Document


Title

Influences of timber harvesting and residue management on big game
Document Type: Conference Paper
Author(s): L. J. Lyon; J. V. Basile
Publication Year: 1979

Cataloging Information

Keyword(s):
  • broadcast burning
  • Cervus elaphus
  • clearcutting
  • Colorado
  • coniferous forests
  • cover
  • disturbance
  • forage
  • forest management
  • habitat suitability
  • habits and behavior
  • hunting
  • Idaho
  • logging
  • Montana
  • mosaic
  • population ecology
  • post fire recovery
  • roads
  • slash
  • species diversity (plants)
  • succession
  • threatened and endangered species (animals)
  • Ursus horribilis
  • Utah
  • wildlife habitat management
  • Wyoming
Record Maintained By:
Record Last Modified: August 1, 2018
FRAMES Record Number: 35319
Tall Timbers Record Number: 9617
TTRS Location Status: In-file
TTRS Call Number: Fire File DDW
TTRS Abstract Status: Fair use, Okay, Reproduced by permission

This bibliographic record was either created or modified by the Tall Timbers Research Station and Land Conservancy and is provided without charge to promote research and education in Fire Ecology. The E.V. Komarek Fire Ecology Database is the intellectual property of the Tall Timbers Research Station and Land Conservancy.

Description

Road construction and timber harvesting displace elk and grizzly bears at least temporarily. Elk sometimes accept logging disturbances, but usually do not return until harvesting ends. Increased contact between grizzly bears and humans is undesirable. Logging slash may increase cover, but normally only obstructs animal movement. Broadcast burning produces more food plants for both elk and grizzly bears than other slash treatments. Although increased vehicle traffic adversely affects elk and grizzly bears, road closures should be carefully planned to achieve specific results. Development of post logging big game habitat is a long-term process involving complex and dynamic relationships, not merely forage production. Elk, grizzly bears, and other big game require year-around habitat that satisfies daily and seasonal needs.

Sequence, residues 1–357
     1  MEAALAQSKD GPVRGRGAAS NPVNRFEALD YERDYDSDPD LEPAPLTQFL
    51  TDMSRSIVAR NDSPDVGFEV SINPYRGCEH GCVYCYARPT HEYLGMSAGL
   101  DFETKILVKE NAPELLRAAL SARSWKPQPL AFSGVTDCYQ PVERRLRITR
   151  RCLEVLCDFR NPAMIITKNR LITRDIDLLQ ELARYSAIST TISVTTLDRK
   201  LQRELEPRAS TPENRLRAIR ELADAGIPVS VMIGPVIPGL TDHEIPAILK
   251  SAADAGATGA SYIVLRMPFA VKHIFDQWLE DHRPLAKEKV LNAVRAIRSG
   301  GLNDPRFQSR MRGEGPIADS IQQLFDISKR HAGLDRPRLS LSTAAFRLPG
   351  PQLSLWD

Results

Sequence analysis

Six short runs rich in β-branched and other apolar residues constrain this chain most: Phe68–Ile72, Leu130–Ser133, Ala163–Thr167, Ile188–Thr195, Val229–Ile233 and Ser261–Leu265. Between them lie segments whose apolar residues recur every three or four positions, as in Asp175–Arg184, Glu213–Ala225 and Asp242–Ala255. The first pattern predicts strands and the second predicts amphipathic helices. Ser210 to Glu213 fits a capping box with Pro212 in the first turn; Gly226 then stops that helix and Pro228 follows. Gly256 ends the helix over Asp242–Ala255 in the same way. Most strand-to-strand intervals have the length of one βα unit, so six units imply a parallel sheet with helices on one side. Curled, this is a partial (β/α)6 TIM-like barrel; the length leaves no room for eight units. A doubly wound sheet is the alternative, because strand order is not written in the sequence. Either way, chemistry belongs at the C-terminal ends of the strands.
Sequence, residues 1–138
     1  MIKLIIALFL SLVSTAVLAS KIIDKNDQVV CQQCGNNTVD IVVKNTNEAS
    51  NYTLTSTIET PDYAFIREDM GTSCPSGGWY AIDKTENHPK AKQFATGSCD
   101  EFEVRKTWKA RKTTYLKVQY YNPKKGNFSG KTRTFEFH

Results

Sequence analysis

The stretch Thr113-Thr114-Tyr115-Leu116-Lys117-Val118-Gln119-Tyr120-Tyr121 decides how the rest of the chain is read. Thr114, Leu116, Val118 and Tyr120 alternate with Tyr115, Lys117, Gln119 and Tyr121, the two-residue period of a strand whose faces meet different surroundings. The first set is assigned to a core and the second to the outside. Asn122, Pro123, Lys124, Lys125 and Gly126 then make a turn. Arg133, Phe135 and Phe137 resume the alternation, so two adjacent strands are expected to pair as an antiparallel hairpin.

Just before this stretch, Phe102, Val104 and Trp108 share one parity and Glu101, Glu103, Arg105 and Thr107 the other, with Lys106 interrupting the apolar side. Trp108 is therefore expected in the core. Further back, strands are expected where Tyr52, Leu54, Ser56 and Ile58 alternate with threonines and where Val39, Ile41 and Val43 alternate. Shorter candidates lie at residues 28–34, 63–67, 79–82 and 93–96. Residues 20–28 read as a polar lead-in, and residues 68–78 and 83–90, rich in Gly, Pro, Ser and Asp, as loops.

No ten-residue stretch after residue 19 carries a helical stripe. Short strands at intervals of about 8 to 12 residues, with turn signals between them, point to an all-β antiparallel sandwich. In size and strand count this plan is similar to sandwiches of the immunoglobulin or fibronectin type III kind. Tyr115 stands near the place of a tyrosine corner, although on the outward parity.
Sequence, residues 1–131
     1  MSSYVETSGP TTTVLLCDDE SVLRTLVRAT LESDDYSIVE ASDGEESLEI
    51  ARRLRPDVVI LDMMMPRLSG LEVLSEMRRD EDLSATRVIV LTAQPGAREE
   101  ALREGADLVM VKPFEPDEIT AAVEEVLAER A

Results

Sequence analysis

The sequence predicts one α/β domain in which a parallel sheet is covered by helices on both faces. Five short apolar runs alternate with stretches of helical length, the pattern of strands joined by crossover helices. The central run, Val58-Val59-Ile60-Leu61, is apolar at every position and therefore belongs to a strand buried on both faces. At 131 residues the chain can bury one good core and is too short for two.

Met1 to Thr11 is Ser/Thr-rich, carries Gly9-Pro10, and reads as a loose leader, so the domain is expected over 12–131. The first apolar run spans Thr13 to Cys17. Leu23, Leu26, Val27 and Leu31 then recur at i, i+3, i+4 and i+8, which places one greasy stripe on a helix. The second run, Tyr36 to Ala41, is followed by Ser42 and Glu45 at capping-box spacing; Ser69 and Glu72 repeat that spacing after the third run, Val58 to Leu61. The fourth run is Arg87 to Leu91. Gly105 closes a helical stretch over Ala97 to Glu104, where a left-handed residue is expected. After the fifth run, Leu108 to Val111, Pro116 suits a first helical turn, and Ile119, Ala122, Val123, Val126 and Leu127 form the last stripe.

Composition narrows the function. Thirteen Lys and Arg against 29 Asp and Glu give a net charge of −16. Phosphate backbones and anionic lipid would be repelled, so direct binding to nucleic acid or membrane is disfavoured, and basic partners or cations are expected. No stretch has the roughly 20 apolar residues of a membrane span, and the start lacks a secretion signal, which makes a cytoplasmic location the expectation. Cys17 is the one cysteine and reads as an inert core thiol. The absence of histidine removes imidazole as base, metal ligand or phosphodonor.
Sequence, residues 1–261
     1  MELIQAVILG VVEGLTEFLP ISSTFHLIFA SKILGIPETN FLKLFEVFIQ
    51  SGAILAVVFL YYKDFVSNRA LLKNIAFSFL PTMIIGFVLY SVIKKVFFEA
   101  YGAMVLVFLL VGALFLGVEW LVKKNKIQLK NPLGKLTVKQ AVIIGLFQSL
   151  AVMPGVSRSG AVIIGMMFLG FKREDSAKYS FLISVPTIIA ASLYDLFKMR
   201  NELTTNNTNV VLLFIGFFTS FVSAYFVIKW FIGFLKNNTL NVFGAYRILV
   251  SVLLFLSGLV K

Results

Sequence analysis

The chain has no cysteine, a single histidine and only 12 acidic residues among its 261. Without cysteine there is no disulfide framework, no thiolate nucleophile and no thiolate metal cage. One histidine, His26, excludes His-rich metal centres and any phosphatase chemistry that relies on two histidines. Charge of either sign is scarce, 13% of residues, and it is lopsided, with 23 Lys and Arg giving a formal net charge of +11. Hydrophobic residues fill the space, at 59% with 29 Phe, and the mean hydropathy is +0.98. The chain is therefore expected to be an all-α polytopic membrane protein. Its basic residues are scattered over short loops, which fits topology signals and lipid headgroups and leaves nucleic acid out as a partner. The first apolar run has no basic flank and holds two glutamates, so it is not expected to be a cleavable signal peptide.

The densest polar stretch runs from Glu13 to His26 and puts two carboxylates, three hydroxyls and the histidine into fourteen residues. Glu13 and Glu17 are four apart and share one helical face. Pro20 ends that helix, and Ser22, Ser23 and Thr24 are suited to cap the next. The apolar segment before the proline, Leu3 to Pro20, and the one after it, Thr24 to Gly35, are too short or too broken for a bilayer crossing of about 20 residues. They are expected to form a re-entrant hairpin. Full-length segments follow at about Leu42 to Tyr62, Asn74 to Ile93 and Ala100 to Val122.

Citation:
Lyon, L. J., and J. V. Basile. 1979. Influences of timber harvesting and residue management on big game, Symposium Proceedings Environmental Consequences of Timber Harvesting in Rocky Mountain Coniferous Forests. Missoula, MT. USDA Forest Service, Intermountain Forest and Range Experiment Station,Ogden, UT. p. 441-453,General Technical Report INT-90.